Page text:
Name: Debra Joy, M.Ed., CAGS, LMHC
Business: Joy Counseling and Family Mediation, a provider of emergency crisis therapy
Type of Business: Other — Counseling
Business Location: Newburyport, Massachusetts, U.S.
Reason for starting: I have been performing psychological evaluations in local emergency rooms for the past 13 years, and I saw a need for emergency crisis therapy. Many women came to the ER with a crisis and could not get follow-up therapy; the wait list for therapy in our area was 2 months long. I offer short-term crisis counseling for victims of Post Traumatic Stress Disorder (PTSD) and substance abuse issues. I promise to see the patient within 72 hours of their first phone call to me. I work the overnight shift in the ER, so I am available in my office for appointments in the afternoons and early evenings.
My journey has had many stages. As a divorced parent looking for friend groups, I joined a local running club and started running marathons, which was a great stress reliever. After a few years, I had completed 11 marathons. I was working 70 hours (between graduate school, internships, and my career), and started to run less. In 2010, I found out I had breast cancer. I worked full time through my chemotherapy and radiation. I am still taking anti-cancer medication, but I can run again. This is what motivated me to start my private practice, Joy Counseling. It is important to live your life to its fullest, because you never know how long it will last. In the past 2 years, I have written a book on being sober in midlife and started my private practice.
How do you define success? I have found, as I approach midlife, that success is maintaining sobriety. I have been sober for over 23 years, and many of the clients I see in crisis have substance abuse issues. I did my predoctoral (CAGS) internship at a geriatric psychology inpatient unit, where I saw the effects of memory and dementia. What I learned is that substances that we abuse in our 20s and 30s affect our memory loss in our 60s and 70s. Doctors have found a way to keep our bodies alive past 90–but not our brains. Dementia and memory loss is closely related to what we put in our bodies. I have tried to spend my life exercising and promoting health in general. I have run 11 marathons, and hundreds of smaller races. In addition to being sober, I do not eat meat or dairy. Success is being a role model for how you want your clients to live. I am not perfect; I am only trying to live a sober life. Success is to simply keep trying.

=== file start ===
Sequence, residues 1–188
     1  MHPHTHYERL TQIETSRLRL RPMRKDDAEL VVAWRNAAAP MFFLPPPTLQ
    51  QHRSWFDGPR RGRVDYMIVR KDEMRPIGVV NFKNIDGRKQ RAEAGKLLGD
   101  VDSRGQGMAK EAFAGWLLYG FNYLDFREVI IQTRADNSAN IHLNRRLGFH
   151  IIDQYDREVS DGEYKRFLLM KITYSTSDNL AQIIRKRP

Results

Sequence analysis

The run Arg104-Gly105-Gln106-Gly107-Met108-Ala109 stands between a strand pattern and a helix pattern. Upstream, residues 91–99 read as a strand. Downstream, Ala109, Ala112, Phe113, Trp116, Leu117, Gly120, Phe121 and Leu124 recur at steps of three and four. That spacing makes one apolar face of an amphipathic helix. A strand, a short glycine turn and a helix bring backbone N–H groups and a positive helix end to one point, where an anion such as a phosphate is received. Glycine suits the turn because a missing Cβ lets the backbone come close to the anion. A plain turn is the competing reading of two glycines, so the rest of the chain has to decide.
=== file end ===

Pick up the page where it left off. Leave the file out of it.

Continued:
Biggest Success: I recently published a book, “Climbing towards a Sober Midlife.” The book looks at decisions we make in our 20s-and how those decisions affect us in midlife. I examined my multigenerational history of substance abuse issues, and my family’s migration from Finland. The women in my family were not allowed to attend school, and were forced to work as maids. I am a product of a college town (Amherst, Mass.), with my own 11-year long journey in education, and I helped many adults attend college over the course of my 20-year therapy practice.
What is your top challenge and how have you addressed it? Despite 30 years of therapy experience, I was not certified as a Licensed Mental Health Counselor (LMHC). I worked with child prostitutes in New York City, in the 80s; did child abuse investigations in Roxbury, MA, in the 90s; worked as a drug counselor for gang youth (YouthBuild), and volunteered at battered women’s shelters. I have worked in day programs for schizophrenics and now perform psych. evaluations in the emergency room. I had always gotten jobs based on my experience, and now I needed a license for insurance reasons. These day, therapists just coming out of college all get their LMHC license. So I had to get another degree before taking the LMHC exam. I got my CAGS (predoctorate) degree, which consisted of 4 internships, night classes-while working full time (and being a single, divorced parent of 2 boys). It took 4 years, but it was worth it.
Who is your most important role model? I would say my mother. Her parents were verbally abusive alcoholics, but she raised 6 kids as a sober parent. Then, after we grew up, she went back to school in her 50s to get her doctorate in Spiritual Psychotherapy, which explored Eastern religions. She has a small practice now, and her specialty is helping women who come from alcoholic families. She is not used to crisis work, like what I do. We are very different in that sense. She sees the same clients for years; takes no insurance, and goes by a sliding fee; and often meditates with her clients. I am a lot more grounded, structured in my practice. But, I respect that she has overcome many obstacles, and that she has continued to grow in old age. When I was a child, she was a hairdresser/brownie scout cook/church school leader/ at home mother of 6. But she is always ‘evolving’; she is not the woman I knew when I was a child, and I respect that. We can all grow and change-especially with the mentality that it’s never too late to go back to school.
Edited by The Story Exchange